The German light cruiser SMS Mainz sinking at the battle of Heligoland blight on August 28 1914.

Battle of Heligoland Bight

Occurring less than a month after the beginning of the conflict, the Battle of Heligoland Bight was the first naval battle of World War One and occurred as a result of a British raid on the German coast.

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Battle of Dogger Bank, Sinking of SMS Blücher

Battle of Dogger Bank

On 24 January 1915 the first clash of battle cruisers took place off the Dogger Bank, in the middle of the North Sea. This was a badly conducted battle on the British part which resulted in the German armoured cruiser SMS Blucher being sunk and HMS Lion being badly damaged.

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First battle squad at Jutland 1916

Battle of Jutland

The battle of Jutland was the only major clash between the British Grand Fleet and the German High Seas Fleet. It occurred in the southern North Sea, off the coast of the Jutland Peninsula which gives its name to the battle. While the British lost more ships than the Germans, it was the pivotal naval battle of the First World War.

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Apia, Samoa, 27 August 1914: New Zealand naval officers landing with the demand for German surrender. Hackworth, Philip Vernon, d 1960 :Photograph album. Ref: PA1-q-107-29-2. Alexander Turnbull Library, Wellington, New Zealand. http://natlib.govt.nz/records/22811918

Capture of German Samoa

One of the first engagements of World War One that involved New Zealand was the capture of German Western Samoa. Within days of the outbreak of the Great War in August 1914, Britain requested of New Zealand “a great and urgent imperial service,” the seizure of the new German radio transmitter recently installed in the hills above Apia in Western Samoa. New Zealand was quick to oblige and within ten days had despatched an Expeditionary Force of some 1400 troops.

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Hospital ship, SS Marama

Dardanelles – Gallipoli

The campaign against Turkey in the eastern Mediterranean was one of the most ill-conceived campaigns of the First World War. It arose out of a desire to open operations beyond the Western Front in France and relieve pressure on the Russians in the Caucasus. From a purely naval operation to force the Dardanelles on the western side of the Gallipoli Peninsula it developed into a land operation thrusting up the length of the peninsula, costing over 130,000 lives.

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Metal cap badge of NZ Forces Motor Service Corps

Motor Boat Patrol

The Motor Launches acquired by the Royal Navy in 1916 had a large proportion of New Zealander's as officers and motor mechanics. These vessels formed part of the Auxiliary Patrol and were deployed around the British Isles and into the Mediterranean, performing a variety of tasks beyond that of anti-submarine patrolling for which they were originally acquired.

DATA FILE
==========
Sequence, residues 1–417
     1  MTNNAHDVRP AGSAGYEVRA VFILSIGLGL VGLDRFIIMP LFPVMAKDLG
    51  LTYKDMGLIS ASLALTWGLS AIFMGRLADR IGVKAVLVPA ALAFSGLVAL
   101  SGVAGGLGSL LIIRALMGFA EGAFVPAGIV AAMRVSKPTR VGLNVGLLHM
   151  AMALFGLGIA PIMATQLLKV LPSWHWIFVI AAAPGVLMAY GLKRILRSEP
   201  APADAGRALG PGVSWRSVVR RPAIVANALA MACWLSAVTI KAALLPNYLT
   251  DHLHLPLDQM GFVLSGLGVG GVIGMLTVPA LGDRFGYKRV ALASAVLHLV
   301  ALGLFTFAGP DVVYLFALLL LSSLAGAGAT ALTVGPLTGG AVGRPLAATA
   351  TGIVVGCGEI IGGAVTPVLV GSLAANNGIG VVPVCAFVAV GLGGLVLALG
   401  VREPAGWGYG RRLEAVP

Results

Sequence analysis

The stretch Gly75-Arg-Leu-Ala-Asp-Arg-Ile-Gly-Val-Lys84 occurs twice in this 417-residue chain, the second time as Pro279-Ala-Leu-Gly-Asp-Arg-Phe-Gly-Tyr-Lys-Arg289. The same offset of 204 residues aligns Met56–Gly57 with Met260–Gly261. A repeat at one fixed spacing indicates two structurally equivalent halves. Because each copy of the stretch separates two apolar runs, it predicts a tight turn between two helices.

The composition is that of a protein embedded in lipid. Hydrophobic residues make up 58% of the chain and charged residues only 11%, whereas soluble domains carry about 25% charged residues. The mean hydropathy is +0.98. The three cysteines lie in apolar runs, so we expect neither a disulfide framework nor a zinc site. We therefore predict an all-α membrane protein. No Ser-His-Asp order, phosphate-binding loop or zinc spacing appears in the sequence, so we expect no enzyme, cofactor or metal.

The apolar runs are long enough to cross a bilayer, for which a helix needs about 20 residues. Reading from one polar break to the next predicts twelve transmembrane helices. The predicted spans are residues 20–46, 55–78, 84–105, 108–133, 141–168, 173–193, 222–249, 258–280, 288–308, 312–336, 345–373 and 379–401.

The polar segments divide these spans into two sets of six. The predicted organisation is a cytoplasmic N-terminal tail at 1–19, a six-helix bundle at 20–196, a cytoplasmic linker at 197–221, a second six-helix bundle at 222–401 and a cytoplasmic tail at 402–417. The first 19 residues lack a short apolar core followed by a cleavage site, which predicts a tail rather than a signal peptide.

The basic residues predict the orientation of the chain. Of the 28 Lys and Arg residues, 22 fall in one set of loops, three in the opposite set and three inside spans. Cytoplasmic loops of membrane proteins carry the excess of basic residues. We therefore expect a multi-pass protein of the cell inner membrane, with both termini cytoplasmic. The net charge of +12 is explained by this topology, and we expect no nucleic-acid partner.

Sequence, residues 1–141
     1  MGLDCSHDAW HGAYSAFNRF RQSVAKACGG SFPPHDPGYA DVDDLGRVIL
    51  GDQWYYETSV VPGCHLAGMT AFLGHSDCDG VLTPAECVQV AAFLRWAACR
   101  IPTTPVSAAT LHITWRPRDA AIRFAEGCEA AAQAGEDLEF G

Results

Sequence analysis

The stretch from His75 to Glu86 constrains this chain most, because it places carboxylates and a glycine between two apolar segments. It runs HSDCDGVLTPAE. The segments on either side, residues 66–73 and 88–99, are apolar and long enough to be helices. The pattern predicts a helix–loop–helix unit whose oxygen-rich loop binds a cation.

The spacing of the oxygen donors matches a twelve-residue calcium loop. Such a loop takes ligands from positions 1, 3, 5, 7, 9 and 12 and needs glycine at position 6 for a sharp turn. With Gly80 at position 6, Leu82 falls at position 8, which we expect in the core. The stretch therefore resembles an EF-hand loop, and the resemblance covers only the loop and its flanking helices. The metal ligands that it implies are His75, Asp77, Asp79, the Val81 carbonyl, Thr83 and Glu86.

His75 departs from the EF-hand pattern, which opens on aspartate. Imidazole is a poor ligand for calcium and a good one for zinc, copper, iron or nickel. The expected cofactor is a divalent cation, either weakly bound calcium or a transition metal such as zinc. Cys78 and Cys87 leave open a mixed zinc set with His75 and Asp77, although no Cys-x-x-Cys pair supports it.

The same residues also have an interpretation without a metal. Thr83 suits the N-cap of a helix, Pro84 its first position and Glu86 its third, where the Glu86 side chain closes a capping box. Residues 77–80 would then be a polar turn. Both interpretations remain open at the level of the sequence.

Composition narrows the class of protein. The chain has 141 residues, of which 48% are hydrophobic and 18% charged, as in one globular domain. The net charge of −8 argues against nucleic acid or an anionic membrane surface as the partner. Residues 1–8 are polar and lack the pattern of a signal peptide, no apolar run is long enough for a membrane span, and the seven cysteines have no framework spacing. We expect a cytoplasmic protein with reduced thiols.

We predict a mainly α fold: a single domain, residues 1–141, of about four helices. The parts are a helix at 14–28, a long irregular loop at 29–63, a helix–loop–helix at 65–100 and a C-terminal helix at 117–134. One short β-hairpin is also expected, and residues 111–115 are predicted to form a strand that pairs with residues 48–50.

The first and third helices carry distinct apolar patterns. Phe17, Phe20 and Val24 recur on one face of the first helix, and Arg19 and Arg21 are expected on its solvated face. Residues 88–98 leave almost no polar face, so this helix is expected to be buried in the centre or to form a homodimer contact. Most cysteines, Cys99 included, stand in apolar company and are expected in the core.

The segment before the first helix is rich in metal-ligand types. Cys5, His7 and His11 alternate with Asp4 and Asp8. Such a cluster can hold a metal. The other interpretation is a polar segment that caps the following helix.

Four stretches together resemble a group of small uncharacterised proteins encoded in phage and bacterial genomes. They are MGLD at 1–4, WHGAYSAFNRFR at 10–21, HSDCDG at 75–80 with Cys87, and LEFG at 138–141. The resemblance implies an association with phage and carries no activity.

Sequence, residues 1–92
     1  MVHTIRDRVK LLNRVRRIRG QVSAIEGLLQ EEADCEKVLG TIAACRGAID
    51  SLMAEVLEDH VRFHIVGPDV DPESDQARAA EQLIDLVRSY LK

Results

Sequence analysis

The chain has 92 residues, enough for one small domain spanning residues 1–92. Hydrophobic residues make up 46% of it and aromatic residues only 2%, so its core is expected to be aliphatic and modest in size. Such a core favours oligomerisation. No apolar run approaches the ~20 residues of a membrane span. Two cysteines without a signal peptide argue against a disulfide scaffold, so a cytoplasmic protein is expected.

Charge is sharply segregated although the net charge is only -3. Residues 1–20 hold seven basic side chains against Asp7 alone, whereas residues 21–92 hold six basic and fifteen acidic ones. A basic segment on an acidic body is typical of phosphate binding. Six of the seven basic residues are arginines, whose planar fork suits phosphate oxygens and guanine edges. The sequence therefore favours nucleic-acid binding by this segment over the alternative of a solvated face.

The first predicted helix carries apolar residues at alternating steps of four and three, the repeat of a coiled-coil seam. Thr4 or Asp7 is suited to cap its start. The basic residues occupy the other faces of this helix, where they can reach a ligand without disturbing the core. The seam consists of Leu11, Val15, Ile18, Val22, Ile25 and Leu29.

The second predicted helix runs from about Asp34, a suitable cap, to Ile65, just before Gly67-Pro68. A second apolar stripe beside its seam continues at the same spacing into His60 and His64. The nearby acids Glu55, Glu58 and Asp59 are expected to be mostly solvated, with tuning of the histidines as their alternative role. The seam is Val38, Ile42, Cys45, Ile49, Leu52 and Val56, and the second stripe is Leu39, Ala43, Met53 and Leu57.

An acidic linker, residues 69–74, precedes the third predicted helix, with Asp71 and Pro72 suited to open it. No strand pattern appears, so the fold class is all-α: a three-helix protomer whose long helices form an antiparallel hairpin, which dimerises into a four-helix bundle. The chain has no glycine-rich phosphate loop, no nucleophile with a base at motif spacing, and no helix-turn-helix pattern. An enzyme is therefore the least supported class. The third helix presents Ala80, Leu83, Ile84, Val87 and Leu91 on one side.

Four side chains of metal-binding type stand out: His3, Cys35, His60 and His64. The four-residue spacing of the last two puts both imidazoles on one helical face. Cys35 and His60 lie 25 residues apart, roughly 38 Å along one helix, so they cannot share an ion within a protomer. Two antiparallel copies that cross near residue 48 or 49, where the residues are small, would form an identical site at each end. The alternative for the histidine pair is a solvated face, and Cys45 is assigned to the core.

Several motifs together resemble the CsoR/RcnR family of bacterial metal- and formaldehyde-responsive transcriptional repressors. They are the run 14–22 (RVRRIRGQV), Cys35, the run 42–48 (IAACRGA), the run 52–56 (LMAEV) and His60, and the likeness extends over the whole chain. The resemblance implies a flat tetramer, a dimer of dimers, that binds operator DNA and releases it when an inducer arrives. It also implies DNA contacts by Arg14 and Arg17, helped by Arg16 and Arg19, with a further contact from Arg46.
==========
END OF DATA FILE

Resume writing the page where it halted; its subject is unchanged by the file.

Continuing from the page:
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Hidden gun on an unnamed Q-ship

Anti Submarine Warfare

By 1917 Britain was in danger of losing the war because the shipping on which the country survived was being sunk at a greater rate than it could be replaced, by German submarines. Countering the submarine threat was a complex challenge, with hundreds of ships, vessels and aircraft employed hunting submarines and also leading to significant scientific developments. New Zealanders were involved in all areas of this aspect of the war.

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WWI Motor launch ML 473

Raid on Zeebrugge and Ostend

The raids against Zeebrugge and Ostend in April-May 1918 were spectacular and carried out with much courage and daring. A number of New Zealanders were involved, mainly from the Motor Boat Patrol, but there was also Leading Stoker Charles Williams who was part of the crew of HMS Vindictive. One third of the New Zealanders involved were decorated, including two who received the Conspicuous Gallantry Medal.

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German Naval Raiders in the South Pacific – Von Spee’s Squadron

Cruiser warfare, or guerre de course, is a long-established naval strategy employed by weaker maritime nations during conflicts with naval powers. The strategy for Imperial Germany, with a navy weaker than that of Britain’s Royal Navy, was to use raiders to attack commerce around the globe, and thus disperse and weaken Britain’s Grand Fleet. On the outbreak of war in 1914 Von Spee’s squadron was scattered across the Pacific.

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